Euphorbia rigida is anything but rigid but coloured bracts are beginning to turn their faces to the sun and suddenly it feels that spring will be here soon.
There is new foliage emerging from under the dead stems of sedum, I will have to remove the old stems and I will lift and divide the plants that are very large to increase their numbers; I would like to mass-plant some Sedum onto the bank.
Now that the snow has nearly disappeared I have found some blooms that weren’t visible on GBBD but in February it isn’t the blooms that make the garden interesting or that tempt me outside on an icy morning it is the beauty of the foliage that attracts. I admit that what pleases me most is that it is still light at 17.32 and will be for another half hour, and the beautifully marbled leaf of Huchera ‘Plum Pudding’
What foliage is giving you pleasure at the moment? Do leave a comment and link to your post on foliage this month. It can be about just one plant or your whole garden, whatever you like.
This month the garden is really coming back to life. Not just individual flowers are blooming but areas of the garden are beginning to form ‘pictures’.
The first ‘stream’ to flower on the slope was prostrate rosemary
and now the Muscari planted here are beginning to look as I imagined they would.
Daffodils begin late here, I think that is because they need a period of cold to prompt them into growth and that doesn’t happen until December or January in this part of Italy. In fact these tulips were open even before the daffodils! They are the sign that spring really is here (this morning it was 10° at 6.30 whereas last week the temperature was hovering around zero at that time of the morning and for much of the morning.
There are a couple of surprise plants flowering all be it just a couple of flowers; this tiny, flowered Geranium began flowering last week – it is spreading very slowly under Rosa Tradescant, and a prostrate Ceonothus that I want to propagate to have as more excellent ground cover on the slope.
Viburnum tinus is just beginning to open its tight pale pink buds – this is another plant that behaves entirely differently in Italy to the UK. I always considered it a great value plant; flowering from October to spring, evergreen foliage always looking good and some nice black berries in summer if you’re lucky – here, though it flowers in March for about one month then the dead flowers and the foliage look horrendous for about 2 months and although it is evergreen it doesn’t exactly fill the heart with joy during the winter. Let me know how this plant grows in your garden in your part of the world.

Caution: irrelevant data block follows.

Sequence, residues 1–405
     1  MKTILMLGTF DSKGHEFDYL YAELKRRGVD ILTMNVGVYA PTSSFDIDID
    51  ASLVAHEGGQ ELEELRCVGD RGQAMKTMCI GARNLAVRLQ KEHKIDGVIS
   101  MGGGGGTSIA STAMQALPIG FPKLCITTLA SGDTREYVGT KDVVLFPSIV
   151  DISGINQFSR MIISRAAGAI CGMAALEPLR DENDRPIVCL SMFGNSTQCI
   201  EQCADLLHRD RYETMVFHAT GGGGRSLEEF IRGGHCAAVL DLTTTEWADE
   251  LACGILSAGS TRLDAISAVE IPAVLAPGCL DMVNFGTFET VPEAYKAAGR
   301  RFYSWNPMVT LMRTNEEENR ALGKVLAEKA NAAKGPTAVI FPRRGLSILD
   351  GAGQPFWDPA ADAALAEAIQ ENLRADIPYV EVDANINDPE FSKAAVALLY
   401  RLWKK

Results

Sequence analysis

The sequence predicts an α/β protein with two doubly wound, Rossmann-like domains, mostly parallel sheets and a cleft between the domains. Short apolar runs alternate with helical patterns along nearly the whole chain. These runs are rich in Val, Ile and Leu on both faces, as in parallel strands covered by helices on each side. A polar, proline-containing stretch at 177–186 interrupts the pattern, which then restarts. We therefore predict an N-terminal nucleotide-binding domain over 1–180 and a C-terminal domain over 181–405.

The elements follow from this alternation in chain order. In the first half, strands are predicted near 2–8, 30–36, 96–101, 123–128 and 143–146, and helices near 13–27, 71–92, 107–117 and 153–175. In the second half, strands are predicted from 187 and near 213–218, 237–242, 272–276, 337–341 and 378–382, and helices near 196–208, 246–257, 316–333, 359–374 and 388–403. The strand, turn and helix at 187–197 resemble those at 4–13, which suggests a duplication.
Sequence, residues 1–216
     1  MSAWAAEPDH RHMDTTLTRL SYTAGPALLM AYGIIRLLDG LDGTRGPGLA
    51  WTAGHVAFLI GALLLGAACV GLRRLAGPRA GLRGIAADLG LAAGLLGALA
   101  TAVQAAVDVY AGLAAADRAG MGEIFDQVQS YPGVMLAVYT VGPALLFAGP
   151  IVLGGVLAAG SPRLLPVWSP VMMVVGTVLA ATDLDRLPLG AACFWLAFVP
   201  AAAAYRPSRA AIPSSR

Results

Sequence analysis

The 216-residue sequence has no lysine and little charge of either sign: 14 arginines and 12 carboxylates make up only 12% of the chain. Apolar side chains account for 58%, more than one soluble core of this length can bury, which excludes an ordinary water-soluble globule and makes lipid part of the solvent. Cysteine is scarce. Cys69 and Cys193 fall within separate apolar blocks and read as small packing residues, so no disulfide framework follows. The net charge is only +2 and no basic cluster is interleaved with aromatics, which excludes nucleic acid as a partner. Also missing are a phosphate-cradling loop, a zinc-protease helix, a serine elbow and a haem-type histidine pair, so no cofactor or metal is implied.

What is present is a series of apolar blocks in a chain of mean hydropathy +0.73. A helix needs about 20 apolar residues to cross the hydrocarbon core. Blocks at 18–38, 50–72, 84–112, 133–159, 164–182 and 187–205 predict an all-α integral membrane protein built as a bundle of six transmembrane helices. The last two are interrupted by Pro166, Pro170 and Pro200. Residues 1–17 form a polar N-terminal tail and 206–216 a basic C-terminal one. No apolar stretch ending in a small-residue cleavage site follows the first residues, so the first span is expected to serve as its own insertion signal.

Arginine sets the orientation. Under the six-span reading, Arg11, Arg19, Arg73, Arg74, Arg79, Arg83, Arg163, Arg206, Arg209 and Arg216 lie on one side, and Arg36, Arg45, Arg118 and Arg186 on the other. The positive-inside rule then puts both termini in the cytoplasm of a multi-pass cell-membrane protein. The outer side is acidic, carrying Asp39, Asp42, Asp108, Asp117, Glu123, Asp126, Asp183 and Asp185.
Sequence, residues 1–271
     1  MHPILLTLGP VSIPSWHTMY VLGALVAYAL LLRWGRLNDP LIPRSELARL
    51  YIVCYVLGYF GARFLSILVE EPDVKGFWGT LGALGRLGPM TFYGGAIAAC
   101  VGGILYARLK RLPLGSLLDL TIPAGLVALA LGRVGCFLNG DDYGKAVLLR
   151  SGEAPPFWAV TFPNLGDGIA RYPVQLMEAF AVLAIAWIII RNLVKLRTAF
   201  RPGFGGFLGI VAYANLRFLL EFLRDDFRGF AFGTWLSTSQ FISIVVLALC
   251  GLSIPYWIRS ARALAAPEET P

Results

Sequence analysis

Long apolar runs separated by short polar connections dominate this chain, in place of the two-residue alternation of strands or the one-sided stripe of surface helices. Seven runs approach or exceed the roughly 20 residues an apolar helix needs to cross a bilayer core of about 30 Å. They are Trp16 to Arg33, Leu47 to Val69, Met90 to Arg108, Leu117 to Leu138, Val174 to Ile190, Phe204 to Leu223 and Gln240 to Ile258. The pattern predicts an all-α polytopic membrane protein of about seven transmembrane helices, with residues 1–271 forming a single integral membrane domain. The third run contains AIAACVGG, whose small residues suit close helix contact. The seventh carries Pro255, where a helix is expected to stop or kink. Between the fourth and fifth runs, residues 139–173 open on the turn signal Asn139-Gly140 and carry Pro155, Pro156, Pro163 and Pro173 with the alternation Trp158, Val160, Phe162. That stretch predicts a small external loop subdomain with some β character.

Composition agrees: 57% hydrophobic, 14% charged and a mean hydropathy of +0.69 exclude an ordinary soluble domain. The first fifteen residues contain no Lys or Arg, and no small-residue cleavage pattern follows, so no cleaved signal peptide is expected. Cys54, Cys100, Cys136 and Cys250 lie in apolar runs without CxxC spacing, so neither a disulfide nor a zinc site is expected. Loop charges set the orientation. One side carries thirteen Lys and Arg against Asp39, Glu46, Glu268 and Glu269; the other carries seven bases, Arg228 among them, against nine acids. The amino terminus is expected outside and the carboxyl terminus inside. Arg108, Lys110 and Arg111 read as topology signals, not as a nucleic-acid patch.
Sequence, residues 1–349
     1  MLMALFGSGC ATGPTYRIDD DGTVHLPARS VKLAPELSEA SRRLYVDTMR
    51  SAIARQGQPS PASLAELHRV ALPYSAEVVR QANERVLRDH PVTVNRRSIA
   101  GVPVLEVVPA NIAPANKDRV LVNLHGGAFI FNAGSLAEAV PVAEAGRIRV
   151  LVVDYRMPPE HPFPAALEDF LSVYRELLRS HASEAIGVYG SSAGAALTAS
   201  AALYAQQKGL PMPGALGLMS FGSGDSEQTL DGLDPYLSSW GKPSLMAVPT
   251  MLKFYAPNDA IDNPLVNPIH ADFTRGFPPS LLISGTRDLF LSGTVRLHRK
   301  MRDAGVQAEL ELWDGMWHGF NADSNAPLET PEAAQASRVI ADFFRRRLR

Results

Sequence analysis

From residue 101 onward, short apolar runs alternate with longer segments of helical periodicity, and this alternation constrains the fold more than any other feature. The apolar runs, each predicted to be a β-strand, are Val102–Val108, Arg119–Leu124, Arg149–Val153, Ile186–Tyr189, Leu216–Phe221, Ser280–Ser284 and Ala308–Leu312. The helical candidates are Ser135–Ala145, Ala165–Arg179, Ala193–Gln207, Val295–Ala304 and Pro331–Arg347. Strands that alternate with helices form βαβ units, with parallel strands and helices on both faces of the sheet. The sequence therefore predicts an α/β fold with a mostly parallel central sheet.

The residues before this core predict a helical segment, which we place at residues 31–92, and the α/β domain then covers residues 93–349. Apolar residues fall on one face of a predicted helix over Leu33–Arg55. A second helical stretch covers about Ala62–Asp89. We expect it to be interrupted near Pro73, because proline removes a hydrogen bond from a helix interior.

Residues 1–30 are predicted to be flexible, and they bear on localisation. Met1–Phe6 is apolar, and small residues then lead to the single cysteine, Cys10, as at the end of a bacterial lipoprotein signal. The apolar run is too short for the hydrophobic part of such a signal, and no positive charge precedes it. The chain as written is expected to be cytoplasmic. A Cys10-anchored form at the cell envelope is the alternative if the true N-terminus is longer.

Long flowering Lonicera fragrantissima is still perfuming the air right by the drive where it welcomes us home as we get out of the car. I think it will be over by next month’s Bloomday, as it isn’t a beautiful plant during summer I will try to think of a suitable small scrambler to flower over it during the summer months, sadly not clematis as they need too much water – maybe some kind of annual would be interesting.
Clematis armandii began flowering with a few tentative blooms a couple of weeks, now many of the buds are open; last weekend in the high winds the tendrils looked like they were tenaciously hanging on for grim death to the supporting wires today they are happily opening more buds.
Arabis spreads its white flowers like a flurry of snow under the pomegranate towards Box balls.
Teucrium continues to bloom and grow. This is a plant that does very well and is useful as it is lovely and airy if left to grow unchecked or will become a strong form if tightly pruned into a ball or I’ve also seen it beautifully grown as a serpentine hedge (now where could I plant one of those?).
This morning the sun is slowly breaking through the cloud and I need to finish cutting back and tying in the Raspberries – yes, I know I’m very late doing this but better late than never.
Thanks as usual to Carol at Maydreams garden for hosting GBBD for March, take a look at what’s flowering in gardens all over the world by visting her.